Thursday, July 18, 2024

Has the Indian economy gone down after the COVID-19 situation?

Mohsin Khaiyam (Senior Sub-Editor)

The lockdown during the COVID-19 situation had the lives of many as well as the economy of the world shattered. On a similar note, India was also affected, with the GDP growth rate contracting by around 7.3 percent in 2020–21. This GDP was among the worst performances of the country in over four decades. It was not just a loss in the GDP sector; the COVID-19 situation also resulted in a massive loss in jobs and business in India. Many businesses were forced to close during the period as people had to live with their savings. 

Even though the GDP dropped, it later rebounded to 8.7 percent in the financial year 2021–22. This was seen as growth from the previous drop. However, the damage was done, as many people were left nearly penniless. While the government took several steps to support the people effected by COVID-19, it still was not enough, as many ended up losing their savings. 

When it comes to the question of whether the COVID-19 situation has had an impact on India’s economy, the statistics show that the nation has once again gotten back on track. But when you look at a small business owner or even a person who is looking to start a business, you will find that it was not the COVID-19 situation but the prevailing practises as well as the bank policies that had him hold back. While the government claims that they have released several opportunities for people who want to start a business, getting one such benefit is not easy.

Most of the banks in India do not issue business loans unless you have something to put in as security. And even if some banks do lend the money, it is tough to pay off the debt as the interest or even the EMIs are too high. Then again, we need to look at the inflation rate, which, as per some studies, is going up at a rate of 7.01 percent. This means people would not be able to afford things unless their income did not rise. Thus, if we exactly want to discuss the economy, we need to look into the market at a micro level. 

In Guwahati, Assam, people saw certain examples of how the COVID-19 situation had effected some people. A few people had started food businesses on the streets of the city with some money they had managed from other work. As the lockdown hit the state, these people were forced to shut down their businesses. In a matter of days, they started consuming the little groceries they had. And in the mean gap of partial openings, they started to purchase groceries with the savings they had.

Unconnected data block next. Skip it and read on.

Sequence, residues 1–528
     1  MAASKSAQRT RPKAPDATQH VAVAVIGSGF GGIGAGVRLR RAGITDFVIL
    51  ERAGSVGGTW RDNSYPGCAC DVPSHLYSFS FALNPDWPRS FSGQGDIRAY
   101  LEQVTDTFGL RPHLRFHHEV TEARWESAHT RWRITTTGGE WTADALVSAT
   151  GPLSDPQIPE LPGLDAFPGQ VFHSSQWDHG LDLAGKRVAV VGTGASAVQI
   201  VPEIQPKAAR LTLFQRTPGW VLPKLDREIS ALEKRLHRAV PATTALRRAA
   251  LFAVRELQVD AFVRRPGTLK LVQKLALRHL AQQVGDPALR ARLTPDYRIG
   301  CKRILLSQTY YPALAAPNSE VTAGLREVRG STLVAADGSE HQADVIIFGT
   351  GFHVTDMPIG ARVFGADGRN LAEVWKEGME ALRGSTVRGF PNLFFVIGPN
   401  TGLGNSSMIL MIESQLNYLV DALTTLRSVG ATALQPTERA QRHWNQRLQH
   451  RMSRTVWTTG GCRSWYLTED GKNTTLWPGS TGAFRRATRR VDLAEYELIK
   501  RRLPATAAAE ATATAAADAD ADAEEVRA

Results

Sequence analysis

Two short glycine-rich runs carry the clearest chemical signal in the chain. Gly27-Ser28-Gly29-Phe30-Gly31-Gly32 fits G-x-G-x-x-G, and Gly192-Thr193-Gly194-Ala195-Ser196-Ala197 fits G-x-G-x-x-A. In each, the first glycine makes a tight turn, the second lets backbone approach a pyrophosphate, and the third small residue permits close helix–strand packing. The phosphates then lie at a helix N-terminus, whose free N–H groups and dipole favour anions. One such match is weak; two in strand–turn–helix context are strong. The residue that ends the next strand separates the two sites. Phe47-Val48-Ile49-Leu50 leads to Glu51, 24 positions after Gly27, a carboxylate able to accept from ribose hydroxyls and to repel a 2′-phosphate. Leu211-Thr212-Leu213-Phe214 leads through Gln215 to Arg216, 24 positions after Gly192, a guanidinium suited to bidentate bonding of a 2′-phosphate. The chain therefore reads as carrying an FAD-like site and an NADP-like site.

While the government had allowed a partial opening of food businesses, many people hesitated to open them, fearing that they might be at a loss again. Eventually, many, by the end of the lockdown, gave up and closed their businesses. Some of them got into alternative professions, while others are still jobless and are surviving by doing certain odd jobs.

Post-lockdown, Guwahati city saw a rise in taxi and delivery drivers, as these were the only jobs that did not require specific qualifications but only driving licences. Some of these people say that getting into business was risky, but being a part of it was easy. Many took out certain loans to buy motorcycles and started enrolling themselves with taxi and delivery aggregators. But these were only at a micro level, as many of these people were highly educated and, post-lockdown, failed to get a job.

So when we see the economy, yes, the country has achieved good data and statistics, but on the ground, people are still suffering to pay their bills. In just a matter of time, the price of fuel, electricity, and other commodities has gone up. People who belong to lower-income groups find it hard to make a living. Some even fail to meet their basic needs and have to cut off their diet. Many people say that they find it hard to buy most of their basic needs and even say that they have cut back on buying new clothes. These were certain examples.

The Indian economy in paper and media looks superb, but on the ground, people are fighting hard to survive even if they have money. A person now has to work even more if they want to live a good life and not just survive. Another aspect is the debt ratio. Although it is hard to identify the debt ratio of an individual, the Indian government has a high debt-to-GDP ratio, which currently stands at 89.3 percent.

This is not exactly a good sign of a good economy. If the number grows, the situation in the country will fall further, eventually leading to a crisis. As a result, there are many possibilities, and in the years to come, we will learn more about the effects of the COVID-19 situation.

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